Artist: Yeri Hwang
Exhibition: “Within Us”
Media: Kinetic Sculpture
Gallery: CSULB School of Art, Gatov Gallery East
About the Artist:
Yeri Hwang is a senior at CSULB who is studying to complete her BA in Studio Art. This is her final semester here, and “Within Us” is her first exhibit. She likes to dabble in all forms of art, including sculpture and animation. She came to CSULB intending to work with animation, but wanted to broaden her horizons. Thus, she switched to studio art. Yeri likes to work with sculptures, electronics, drawing; a little of everthing, she says. She knew she wanted an interactive exhibit because she knew the journey of life is something everyone could relate to.
Yeri’s exhibit first stood out to me because of the darkness seen through the door. The lights were off in the gallery, which helped put the focus on her strategically lit art. Entering the exhibit, a sign asks the viewer to please view the pieces in order. This held my attention and I stayed in the exhibit for a long time. Each piece had handwritten instructions asking you to gently push a button or move a gear or write a thought. Each piece was meant to symbolize the importance of life and our path through it. One piece that captured my interest was a light that shone through multicolored gears. The instructions asked us to move the switched to guide the light to a place of our choosing. I overheard a girl ahead of me say she thought it looked like birds were flying over the top. I moved the switch around until I saw what looked like an eyeball.
Yeri liked the idea behind her exhibit because it was inclusive, as art should be. She says we all have stories; we are all writers, and we can all relate to the meaning of her exhibit. This is also why she chose the title “Within Us”. She spoke about one of the pieces in the exhibit, a curtain-framed window with a sculpture of a house. A remote sat at the table in front of the window with a button that released fog. Yeri related the fog as a mystery in our lives. The house represented our final destination as humans, or the goal we are trying to accomplish in order to be happy with ourselves. The fog comes into play by representing how we will never reach that place because there will always be a new destination. When we finish one goal, we will have another one to look forward to.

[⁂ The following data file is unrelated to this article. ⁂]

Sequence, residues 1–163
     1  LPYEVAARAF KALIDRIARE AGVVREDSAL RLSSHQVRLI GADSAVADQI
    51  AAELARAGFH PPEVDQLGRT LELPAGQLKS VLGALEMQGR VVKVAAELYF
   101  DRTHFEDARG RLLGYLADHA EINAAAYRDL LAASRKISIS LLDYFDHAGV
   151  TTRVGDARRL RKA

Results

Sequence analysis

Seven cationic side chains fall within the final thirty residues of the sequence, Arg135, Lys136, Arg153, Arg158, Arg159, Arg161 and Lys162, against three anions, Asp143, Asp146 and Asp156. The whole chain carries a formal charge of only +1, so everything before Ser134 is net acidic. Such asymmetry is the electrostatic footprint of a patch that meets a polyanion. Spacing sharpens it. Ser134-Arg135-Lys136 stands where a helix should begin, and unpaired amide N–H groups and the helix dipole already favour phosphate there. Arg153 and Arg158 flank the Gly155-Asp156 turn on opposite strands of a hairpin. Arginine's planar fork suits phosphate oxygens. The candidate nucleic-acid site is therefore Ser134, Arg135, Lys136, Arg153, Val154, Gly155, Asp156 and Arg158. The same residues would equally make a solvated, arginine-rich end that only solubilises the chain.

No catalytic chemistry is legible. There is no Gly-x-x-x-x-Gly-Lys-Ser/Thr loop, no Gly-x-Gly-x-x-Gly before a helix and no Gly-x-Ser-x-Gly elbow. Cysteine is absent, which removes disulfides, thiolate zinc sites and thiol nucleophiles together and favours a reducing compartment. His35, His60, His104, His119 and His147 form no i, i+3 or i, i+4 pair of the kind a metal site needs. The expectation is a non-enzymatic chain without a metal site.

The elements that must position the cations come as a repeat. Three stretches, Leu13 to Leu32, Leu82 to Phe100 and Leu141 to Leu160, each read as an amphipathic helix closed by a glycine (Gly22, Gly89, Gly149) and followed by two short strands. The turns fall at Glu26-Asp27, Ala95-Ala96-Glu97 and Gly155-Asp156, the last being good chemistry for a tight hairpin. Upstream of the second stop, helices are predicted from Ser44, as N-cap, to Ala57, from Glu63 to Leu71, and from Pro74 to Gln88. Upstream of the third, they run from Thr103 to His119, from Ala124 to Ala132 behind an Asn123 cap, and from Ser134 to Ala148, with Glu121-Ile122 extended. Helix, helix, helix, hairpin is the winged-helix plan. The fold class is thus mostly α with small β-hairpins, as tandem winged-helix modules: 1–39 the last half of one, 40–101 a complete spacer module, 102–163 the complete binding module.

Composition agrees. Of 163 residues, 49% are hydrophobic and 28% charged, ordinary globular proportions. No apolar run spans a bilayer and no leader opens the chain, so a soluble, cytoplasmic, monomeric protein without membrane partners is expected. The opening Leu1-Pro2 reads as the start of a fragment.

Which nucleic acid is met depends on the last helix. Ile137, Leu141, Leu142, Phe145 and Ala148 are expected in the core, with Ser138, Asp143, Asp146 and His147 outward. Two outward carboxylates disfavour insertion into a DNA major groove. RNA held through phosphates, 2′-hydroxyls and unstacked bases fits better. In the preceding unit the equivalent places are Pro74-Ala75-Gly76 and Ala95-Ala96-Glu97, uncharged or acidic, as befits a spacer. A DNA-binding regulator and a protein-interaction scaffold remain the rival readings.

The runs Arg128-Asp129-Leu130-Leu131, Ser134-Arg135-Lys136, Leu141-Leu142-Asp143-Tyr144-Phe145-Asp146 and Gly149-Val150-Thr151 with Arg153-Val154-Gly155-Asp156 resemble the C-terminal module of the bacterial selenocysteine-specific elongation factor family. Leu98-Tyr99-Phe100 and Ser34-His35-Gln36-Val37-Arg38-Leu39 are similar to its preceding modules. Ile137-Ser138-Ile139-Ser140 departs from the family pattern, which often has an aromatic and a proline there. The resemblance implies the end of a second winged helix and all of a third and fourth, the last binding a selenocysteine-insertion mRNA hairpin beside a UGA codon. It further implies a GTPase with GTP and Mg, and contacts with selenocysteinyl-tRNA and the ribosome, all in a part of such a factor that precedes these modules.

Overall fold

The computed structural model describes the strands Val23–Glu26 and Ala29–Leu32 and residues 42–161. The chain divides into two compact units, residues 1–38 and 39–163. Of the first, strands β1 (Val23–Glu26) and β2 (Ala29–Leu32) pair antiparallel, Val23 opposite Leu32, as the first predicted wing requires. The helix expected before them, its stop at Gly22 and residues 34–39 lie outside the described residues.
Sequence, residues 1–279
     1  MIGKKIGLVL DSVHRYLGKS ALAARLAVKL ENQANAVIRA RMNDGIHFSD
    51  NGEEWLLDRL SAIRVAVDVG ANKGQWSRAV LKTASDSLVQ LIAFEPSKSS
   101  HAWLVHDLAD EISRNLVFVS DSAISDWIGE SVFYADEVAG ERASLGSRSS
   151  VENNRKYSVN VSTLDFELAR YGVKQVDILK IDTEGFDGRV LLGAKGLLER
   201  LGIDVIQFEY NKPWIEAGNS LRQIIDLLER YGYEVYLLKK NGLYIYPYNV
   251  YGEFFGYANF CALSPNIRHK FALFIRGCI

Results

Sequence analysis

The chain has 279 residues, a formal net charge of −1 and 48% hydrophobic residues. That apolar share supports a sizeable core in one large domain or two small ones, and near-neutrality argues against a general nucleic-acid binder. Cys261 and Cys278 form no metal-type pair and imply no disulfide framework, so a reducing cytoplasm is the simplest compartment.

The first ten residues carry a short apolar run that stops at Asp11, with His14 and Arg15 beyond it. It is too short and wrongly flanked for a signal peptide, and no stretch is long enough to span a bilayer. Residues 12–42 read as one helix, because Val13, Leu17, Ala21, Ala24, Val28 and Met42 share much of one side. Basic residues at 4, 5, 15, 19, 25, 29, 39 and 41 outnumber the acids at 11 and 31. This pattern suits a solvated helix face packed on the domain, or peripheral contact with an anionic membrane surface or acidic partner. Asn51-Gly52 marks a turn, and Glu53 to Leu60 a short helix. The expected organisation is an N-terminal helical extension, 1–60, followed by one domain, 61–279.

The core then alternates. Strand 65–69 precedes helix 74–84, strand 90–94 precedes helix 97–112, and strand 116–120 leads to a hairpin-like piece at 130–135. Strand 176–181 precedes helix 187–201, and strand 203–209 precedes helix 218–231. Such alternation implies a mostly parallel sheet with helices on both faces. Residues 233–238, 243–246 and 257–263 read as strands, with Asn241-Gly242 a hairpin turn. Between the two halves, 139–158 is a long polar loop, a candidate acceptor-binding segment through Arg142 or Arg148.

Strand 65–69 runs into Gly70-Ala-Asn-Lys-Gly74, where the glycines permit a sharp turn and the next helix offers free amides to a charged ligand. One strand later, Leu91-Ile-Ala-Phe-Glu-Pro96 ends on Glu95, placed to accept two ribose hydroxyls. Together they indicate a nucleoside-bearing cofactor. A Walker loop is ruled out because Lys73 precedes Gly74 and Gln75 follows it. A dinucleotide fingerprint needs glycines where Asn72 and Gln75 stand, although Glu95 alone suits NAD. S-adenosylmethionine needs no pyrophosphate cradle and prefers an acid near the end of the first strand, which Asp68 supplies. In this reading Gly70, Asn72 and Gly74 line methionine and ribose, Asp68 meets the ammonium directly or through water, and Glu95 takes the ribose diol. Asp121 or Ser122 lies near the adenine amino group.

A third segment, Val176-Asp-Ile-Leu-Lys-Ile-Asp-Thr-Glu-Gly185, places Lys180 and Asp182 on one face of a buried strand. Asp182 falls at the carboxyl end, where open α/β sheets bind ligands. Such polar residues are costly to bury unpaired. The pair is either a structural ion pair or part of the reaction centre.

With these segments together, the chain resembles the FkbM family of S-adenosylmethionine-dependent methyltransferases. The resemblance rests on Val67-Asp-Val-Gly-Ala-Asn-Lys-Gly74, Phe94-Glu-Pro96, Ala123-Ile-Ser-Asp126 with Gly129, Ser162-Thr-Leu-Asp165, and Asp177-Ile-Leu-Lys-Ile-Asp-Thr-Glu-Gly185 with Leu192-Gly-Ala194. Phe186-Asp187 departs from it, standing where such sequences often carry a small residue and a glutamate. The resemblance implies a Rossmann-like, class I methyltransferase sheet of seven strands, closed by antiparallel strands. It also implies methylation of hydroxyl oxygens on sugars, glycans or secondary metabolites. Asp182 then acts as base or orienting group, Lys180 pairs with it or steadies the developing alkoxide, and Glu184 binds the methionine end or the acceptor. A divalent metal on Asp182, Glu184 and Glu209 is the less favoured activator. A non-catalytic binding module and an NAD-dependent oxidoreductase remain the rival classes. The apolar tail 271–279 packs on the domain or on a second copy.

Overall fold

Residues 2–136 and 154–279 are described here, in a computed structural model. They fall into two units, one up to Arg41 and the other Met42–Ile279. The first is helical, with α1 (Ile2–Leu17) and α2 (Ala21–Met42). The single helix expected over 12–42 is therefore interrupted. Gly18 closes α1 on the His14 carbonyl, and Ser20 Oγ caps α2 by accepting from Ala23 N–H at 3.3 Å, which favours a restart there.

I thoroughly enjoyed Yuri’s exhibit from start to finish because you could tell it was very well thought out. Yuri did not seem anxious about her art at all, even considering many people would be touching and moving it. While I was in there, the sword she had set to light up had been removed accidentally. Yuri was not angry at all, and simply put the sword back together, reassuring the person who had removed it that the piece was fine. She was very calm, which made the experience even better. Though there were many people inside when I first went in, I felt I was able to take my time at each stop and enjoy it at my own pace. The final piece was titled Acceptance and Forgiveness. A painting covered by a veil was propped on an altar. Candles and broken mirrors lay around it. It asked us to forgive ourselves and move forward. We were able to write down what we wanted to forgive and place it on the altar. It was nice to see how many notes were folded up and left.